The Akzo Nobel defence documents argue that painting a yacht is a “complex process and requires, among other things, the appropriate environment, necessary equipment, and highly skilled and experienced applicators”. But they categorically deny product defects, negligent painting, or fraudulent warranties. As for the biggest item in the Melnichenkos’ bill, the cost of a boat for them to sail about while Yacht A is laid up for repainting, a source close to the case calls the 18-month period “nonsense”. In the court papers it is argued “Plaintiff has suffered no compensable damages”.
According to International Paint LLC, the New Jersey company which is immediate target of the court action, the Melnichenko claim is misdirected. If the paint job turned out to be as non-reflective as the Melnichenkos are claiming, the alleged damages “if any, were not the result of any act or omission on the part of International Paint LLC, but exist by reason of operation of nature over which International Paint LLC had no control.” In short, Mother Nature is to blame. Or to be specific, Aeolus, God of the sea winds, Briareus, God of the sea storms, Oeolyca, in charge of sea waves, the Harpies (gusts and water spouts), not to mention Poseidon, God of all the sea.
According to a source close to the case, “independent inspection concluded there was nothing wrong with the paint job. They [Mr & Mrs Melnichenko] were happy with the job. They signed off their acceptance. A normal paint (ship) job would last four to five years. But that depends on the weather and sea.”
The court record reveals an uncharacteristic reluctance on the part of Melnichenko’s wife Alexandra to put her mouth where her husband’s er, lawsuit is. In September of this year, according to one of the filings by lawyers for the Akzo Nobel group, the court was told that Mrs Melnichenko had been notified that she should appear for a deposition in the spring of 2012. It then took the paint group almost a year to compel her to appear.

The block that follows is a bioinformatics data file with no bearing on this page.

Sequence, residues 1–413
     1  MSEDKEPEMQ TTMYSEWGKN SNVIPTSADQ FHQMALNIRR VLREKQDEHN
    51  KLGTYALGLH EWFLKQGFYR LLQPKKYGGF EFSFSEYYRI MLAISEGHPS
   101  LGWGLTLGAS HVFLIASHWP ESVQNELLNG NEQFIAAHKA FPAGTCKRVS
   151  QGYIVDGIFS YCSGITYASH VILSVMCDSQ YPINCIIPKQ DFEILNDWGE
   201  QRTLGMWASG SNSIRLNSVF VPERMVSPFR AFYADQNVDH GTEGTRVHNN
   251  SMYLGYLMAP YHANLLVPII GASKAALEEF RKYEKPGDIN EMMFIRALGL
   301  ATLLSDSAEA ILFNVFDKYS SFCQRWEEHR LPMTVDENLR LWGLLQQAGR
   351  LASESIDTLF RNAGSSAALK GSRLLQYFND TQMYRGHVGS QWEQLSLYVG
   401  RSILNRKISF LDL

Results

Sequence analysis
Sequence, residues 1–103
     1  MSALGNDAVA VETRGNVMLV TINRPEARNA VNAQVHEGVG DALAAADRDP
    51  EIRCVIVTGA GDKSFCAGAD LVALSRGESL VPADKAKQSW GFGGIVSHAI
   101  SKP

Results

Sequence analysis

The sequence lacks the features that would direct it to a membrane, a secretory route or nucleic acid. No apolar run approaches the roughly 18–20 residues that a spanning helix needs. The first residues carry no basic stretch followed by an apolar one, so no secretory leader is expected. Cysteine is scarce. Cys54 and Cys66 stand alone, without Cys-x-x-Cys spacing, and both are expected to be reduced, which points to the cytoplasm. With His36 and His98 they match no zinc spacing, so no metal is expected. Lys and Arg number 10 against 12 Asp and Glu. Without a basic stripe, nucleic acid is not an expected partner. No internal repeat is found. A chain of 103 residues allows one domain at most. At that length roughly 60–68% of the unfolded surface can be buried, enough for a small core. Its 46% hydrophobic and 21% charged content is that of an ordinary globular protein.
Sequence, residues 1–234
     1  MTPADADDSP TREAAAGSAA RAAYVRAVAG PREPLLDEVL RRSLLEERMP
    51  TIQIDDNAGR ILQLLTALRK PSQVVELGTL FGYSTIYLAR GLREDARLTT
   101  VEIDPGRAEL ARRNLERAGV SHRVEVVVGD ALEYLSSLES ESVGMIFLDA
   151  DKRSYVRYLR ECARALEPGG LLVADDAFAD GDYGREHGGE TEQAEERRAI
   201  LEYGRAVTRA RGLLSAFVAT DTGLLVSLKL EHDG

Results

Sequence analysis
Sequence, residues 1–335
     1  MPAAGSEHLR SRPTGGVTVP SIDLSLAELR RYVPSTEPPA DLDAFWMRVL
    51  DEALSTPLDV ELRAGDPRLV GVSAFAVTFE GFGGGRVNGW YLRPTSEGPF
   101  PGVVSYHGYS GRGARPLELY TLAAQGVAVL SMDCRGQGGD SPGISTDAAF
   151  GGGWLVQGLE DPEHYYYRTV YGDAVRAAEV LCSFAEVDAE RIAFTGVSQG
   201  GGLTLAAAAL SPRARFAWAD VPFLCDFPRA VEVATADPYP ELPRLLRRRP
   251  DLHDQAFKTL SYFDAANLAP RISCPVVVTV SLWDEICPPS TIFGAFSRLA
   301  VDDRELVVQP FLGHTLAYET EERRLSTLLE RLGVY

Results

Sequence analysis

“Despite her clear importance to this case, Plaintiff refused to produce Mrs Melnichenko – forcing Defendants to move to compel her production for deposition”. The compel order was filed in August of 2012. Mrs Melnichenko finally gave her deposition to the defence lawyers on February 12, 2013. That document, plus Andrei Melnichenko’s earlier witness statement, are among the documents sealed by the court.
Akzo Nobel is also accusing the Melnichenkos’ lawyers of withholding another dozen witnesses whose testimony, the company says, is required for the court to adjudicate the claims, including Philippe Starck, the designer of the exterior shape and interior decoration of the boat.
Source: Defence Submission , September 13, 2013
According to the defence lawyers, the Melnichenko side “has not only refused to make these witnesses available but has also opposed Defendants’ efforts to depose them”.
Just one witness has been located so far in the US. He turns out to live, not in New Jersey but in the neighbouring state of Rhode Island. But there’s a problem: “Mr Carroll has never seen Yacht A; has no idea of what products were applied to Yacht A; knows nothing about the paint application to Yacht A; and knows nothing about tests or experiments performed on Yacht A, stating that ‘I know absolutely nothing about the paint job’.”
Before any of these claims can be adjudicated, the New Jersey courts must decide whether they should exercise jurisdiction to hear the case, as Salisbury, the Melnichenko lawyer, is insisting; or whether, according to the Akzo Nobel group, the courts of Germany or England are the proper forum – Germany, because that’s where the boat was built, and where it and a 10-tonne mock-up of Melnichenko’s boat were painted; England, because that’s where all but two of the components in the Awlgrip-branded paint used on the boat were fabricated, and where the paint experts are located.
In a judgement issued on October 22, Judge Grispin decided there is something to be said on both sides. He agreed that “either Germany or England is an adequate alternative forum to New Jersey”. On the other hand, he agreed the expense of moving the case into the German or English courts would be enormous, and that the Akzo Nobel lawyers “have not met the burden of overcoming the presumption against dismissal”. On that triple-negative, and in the absence of a compelling argument either way, Grispin ruled that his court should keep jurisdiction, and the case should proceed.
Akzo Nobel has yet to register whether it will appeal this ruling, or go to trial.